GP and PCN lead Dr David Coleman explains what the new Investment and Impact Fund involves and offers advice on how practices can best meet the goals to earn the maximum funding on offer
Revised details of the new achievement-based fund for Primary Care Networks (PCNs) were announced in September 2020.
The new start date for the Investment and Impact Fund (IIF) for 2020/21 was October 1st and it will run until March 31st.
Think of the IIF as a kind of Quality and Outcome Framework (QOF) for Networks; according to the NHS England guidance document on the IIF, the general objective is to ‘support primary care networks (PCNs) to deliver high quality care to their population’ but this year there is a heavy focus on the COVID-19 response.
How much is it worth?
The document states that ‘the IIF will be worth £24.25 million in 2020/21, rising to at least £150 million in 2021/22, £225 million in 2022/23 and £300 million in 2023/24’. So this is going to be a vital priority for PCNs for the foreseeable future.
Like QOF at a practice level, indicators are worth a number of points, with achievement being rewarded on a sliding scale between two thresholds. ‘Each PCN can earn a maximum of 194 IIF points and the value of a point will be £111.00 (adjusted for list size and prevalence)’.
This equates to £21,500 of IIF funding for an average PCN, which has to be reinvested ‘into additional workforce and/or primary medical services’.
What do practices have to focus on?
There are six indicators are divided into two key domains (thresholds detailed separately here):
2. Providing high quality care – personalised care and medicines safety (75 points)
Achievement is measured at a PCN level and progress can be monitored on a quarterly basis via a new digital dashboard.
With only 6 months to achieve the targets in 2020/21, the first quarterly check will be vital.
How should we approach the IIF?
Primary care is no stranger to incentivised targets and we are used to devising plans to achieve these at a practice level.
The key difference here is working with our neighbours. By now, PCN relationships should be well established. We may have differences in approaches, but a common ground will hopefully have been acknowledged.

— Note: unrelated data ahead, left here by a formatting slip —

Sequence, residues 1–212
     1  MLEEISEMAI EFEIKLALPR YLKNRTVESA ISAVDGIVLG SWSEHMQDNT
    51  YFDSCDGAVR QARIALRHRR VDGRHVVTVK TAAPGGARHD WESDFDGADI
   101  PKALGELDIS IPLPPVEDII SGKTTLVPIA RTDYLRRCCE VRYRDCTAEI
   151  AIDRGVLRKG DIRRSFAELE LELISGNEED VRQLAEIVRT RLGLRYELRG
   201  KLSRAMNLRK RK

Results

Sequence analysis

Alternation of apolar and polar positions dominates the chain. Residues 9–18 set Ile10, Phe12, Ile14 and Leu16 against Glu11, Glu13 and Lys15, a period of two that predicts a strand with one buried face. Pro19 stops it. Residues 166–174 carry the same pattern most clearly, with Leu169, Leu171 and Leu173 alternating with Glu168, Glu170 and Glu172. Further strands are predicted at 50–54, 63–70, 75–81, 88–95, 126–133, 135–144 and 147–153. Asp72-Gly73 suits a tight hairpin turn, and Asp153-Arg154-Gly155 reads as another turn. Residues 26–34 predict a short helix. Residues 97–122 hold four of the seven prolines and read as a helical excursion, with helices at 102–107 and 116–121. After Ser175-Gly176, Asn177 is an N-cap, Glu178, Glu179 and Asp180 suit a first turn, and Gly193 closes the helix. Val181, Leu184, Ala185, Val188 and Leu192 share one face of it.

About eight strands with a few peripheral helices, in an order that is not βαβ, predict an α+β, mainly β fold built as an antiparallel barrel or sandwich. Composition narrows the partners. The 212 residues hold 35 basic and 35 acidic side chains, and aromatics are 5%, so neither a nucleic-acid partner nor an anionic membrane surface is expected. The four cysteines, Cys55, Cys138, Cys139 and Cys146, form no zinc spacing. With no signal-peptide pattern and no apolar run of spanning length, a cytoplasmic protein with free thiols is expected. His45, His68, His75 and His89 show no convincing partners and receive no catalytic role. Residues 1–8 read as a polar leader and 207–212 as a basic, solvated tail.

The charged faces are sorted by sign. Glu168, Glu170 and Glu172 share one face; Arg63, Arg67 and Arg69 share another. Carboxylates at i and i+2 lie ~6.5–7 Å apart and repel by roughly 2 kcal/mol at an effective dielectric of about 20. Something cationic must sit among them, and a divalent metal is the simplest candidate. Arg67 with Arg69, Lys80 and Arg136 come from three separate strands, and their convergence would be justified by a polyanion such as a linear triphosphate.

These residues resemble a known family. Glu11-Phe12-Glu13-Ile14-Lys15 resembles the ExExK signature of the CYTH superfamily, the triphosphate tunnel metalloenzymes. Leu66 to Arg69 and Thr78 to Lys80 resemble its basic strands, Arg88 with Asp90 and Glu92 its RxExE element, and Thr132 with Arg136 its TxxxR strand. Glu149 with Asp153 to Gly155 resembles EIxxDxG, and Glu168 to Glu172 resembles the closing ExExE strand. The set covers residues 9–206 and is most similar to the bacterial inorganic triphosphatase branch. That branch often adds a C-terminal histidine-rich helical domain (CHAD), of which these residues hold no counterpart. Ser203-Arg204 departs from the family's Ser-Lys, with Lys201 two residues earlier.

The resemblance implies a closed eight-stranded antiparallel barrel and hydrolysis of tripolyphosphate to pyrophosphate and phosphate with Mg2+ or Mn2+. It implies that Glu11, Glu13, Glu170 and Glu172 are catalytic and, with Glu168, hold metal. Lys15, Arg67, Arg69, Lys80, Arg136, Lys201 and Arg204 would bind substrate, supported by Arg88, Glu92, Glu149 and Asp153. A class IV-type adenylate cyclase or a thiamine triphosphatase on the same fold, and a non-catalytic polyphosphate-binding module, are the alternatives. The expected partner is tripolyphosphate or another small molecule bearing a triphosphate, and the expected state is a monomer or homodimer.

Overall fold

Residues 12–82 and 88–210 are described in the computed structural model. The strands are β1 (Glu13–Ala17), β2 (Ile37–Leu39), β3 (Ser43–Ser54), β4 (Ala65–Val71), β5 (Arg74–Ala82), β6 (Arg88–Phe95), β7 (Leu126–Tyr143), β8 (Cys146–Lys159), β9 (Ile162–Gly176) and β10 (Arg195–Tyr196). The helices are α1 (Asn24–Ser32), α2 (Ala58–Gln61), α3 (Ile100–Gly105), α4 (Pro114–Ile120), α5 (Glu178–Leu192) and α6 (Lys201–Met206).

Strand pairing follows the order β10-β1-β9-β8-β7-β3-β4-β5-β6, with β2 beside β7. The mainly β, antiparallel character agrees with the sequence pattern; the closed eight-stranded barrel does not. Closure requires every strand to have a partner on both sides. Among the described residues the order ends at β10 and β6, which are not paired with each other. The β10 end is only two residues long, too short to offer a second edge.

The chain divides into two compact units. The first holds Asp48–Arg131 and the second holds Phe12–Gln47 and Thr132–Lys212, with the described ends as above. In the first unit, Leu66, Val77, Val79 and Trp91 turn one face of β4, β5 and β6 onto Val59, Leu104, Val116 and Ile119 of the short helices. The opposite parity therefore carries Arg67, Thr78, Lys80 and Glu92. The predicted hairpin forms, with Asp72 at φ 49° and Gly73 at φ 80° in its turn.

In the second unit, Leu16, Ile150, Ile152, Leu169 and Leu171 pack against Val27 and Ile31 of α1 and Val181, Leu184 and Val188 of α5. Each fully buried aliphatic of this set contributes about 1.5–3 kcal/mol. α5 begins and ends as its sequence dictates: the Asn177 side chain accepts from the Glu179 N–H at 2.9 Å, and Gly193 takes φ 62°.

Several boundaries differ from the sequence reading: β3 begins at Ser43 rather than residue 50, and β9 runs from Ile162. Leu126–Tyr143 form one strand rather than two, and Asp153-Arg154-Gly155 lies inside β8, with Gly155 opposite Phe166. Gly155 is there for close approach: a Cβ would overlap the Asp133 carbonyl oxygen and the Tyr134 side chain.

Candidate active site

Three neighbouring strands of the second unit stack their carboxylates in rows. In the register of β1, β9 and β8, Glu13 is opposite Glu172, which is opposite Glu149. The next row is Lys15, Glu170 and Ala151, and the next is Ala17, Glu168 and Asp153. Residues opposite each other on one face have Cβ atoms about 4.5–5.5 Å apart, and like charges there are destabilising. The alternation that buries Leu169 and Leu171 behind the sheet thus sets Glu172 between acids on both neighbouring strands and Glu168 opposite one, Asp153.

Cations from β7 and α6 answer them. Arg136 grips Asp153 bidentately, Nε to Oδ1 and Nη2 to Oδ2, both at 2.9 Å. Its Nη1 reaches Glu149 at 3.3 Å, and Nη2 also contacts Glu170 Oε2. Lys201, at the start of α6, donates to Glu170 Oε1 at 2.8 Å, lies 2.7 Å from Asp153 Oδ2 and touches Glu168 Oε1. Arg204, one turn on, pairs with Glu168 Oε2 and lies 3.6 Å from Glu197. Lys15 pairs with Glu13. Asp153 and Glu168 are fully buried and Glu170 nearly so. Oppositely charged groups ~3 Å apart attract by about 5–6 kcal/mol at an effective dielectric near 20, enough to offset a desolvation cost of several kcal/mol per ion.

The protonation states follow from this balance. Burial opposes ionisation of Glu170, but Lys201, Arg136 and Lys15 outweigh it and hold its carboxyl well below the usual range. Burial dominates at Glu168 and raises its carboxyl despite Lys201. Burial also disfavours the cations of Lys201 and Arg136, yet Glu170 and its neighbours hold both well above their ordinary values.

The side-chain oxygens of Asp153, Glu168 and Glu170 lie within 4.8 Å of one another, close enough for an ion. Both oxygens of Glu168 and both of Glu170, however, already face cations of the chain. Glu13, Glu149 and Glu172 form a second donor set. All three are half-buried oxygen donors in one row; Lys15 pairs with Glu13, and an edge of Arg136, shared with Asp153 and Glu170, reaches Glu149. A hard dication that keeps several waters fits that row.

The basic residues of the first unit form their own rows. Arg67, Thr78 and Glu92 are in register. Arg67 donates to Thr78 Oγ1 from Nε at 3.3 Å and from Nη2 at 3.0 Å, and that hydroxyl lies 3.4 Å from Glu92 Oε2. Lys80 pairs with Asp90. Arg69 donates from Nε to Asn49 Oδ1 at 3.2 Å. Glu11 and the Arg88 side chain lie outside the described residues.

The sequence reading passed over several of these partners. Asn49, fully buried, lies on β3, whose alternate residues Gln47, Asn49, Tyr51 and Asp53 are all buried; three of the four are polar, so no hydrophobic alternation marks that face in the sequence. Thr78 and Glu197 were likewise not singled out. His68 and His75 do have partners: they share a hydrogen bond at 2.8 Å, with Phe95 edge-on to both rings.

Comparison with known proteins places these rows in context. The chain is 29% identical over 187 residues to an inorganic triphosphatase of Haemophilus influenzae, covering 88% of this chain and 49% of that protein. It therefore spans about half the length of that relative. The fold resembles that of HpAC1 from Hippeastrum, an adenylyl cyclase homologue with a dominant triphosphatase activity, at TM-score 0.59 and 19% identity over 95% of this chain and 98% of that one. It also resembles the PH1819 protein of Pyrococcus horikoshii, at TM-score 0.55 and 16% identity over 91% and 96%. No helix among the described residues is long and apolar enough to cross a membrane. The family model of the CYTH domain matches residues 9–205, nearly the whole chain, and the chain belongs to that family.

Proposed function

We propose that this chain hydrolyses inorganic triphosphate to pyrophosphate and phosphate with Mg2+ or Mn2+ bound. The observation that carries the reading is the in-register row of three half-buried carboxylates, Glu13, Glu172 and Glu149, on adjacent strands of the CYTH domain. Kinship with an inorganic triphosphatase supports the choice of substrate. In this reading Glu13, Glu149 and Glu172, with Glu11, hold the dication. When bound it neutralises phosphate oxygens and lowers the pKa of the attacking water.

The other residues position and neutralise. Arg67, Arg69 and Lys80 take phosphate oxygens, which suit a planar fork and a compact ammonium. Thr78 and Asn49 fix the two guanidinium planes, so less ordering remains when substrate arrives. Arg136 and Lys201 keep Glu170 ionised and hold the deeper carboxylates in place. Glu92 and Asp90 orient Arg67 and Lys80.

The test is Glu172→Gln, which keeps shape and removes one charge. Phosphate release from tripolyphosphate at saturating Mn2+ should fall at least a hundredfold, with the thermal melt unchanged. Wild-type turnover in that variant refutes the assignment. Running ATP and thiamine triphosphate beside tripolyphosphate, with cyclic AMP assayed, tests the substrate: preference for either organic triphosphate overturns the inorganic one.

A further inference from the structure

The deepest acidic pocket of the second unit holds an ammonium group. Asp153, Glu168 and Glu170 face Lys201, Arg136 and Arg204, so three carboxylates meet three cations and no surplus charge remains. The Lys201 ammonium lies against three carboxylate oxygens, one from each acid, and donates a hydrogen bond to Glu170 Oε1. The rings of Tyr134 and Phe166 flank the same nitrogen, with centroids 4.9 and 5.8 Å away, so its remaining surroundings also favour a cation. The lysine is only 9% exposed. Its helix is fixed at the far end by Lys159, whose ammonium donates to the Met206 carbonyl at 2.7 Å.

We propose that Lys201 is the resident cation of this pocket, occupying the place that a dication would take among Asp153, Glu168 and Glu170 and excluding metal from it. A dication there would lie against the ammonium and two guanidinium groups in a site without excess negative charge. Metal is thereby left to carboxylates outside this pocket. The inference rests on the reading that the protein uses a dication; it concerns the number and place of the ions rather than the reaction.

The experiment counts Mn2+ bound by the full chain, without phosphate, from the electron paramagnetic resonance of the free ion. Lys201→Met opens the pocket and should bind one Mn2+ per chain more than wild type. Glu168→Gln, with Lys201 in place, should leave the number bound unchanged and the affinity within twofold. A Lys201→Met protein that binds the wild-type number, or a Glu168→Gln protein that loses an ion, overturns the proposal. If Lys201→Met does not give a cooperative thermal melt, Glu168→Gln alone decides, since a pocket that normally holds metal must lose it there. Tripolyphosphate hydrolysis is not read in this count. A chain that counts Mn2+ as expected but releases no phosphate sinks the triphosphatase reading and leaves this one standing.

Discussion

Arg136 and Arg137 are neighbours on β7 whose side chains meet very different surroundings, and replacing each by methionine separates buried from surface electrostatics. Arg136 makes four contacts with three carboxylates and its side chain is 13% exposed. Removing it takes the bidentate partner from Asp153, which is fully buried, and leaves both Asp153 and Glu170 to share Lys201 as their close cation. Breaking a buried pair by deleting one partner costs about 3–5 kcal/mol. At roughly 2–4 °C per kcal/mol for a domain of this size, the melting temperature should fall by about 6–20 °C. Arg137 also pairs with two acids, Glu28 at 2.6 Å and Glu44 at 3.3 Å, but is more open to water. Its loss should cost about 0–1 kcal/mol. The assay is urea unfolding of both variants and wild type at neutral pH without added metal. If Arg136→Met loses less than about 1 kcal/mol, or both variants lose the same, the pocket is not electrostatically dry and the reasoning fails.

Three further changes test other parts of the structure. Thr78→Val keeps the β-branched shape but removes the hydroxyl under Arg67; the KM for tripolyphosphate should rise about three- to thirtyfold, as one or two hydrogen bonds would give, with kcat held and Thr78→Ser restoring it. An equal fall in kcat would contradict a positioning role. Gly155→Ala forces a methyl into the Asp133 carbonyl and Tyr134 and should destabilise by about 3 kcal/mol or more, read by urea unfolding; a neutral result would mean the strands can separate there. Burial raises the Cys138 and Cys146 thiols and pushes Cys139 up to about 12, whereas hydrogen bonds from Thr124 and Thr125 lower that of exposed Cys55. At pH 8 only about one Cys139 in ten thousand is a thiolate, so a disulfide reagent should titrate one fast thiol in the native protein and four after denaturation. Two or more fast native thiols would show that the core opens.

To me, it makes sense for the Clinical Director to adopt the role overseeing IIF, although local arrangements could be made to allow another interested party, say a GP or practice manager from a member practice, to lead on this area; a compromise could be to backfill their time with additional hours from the ARRS workforce. The key is that the PCN should agree who will take responsibility.
As stated above, the critical point is maximising the initial and then the first quarter review of the data on the dashboard.
This will help the practices make the necessary push in these performance areas to maximise achievement. I would suggest IIF becomes a standing agenda item at monthly PCN meetings to encourage all practices to keep an eye on the ball.
Here are some additional thoughts and advice on the specific indicators:
PR01: Percentage of patients aged 65 and over who received a seasonal flu vaccination
HI01: Percentage of patients on the learning disability register aged 14 and over who received an annual learning disability health check
It is advisable to make sure there is a joint focus on the QOF QI tasks when addressing the IIF work too – while there is some overlap, they are not the same.
PC01: Percentage of patients referred to social prescribing
MS01, MS02, MS03: Gastro-protective prescribing
Dr David Coleman is a GP partner and PCN co-director in South Yorkshire
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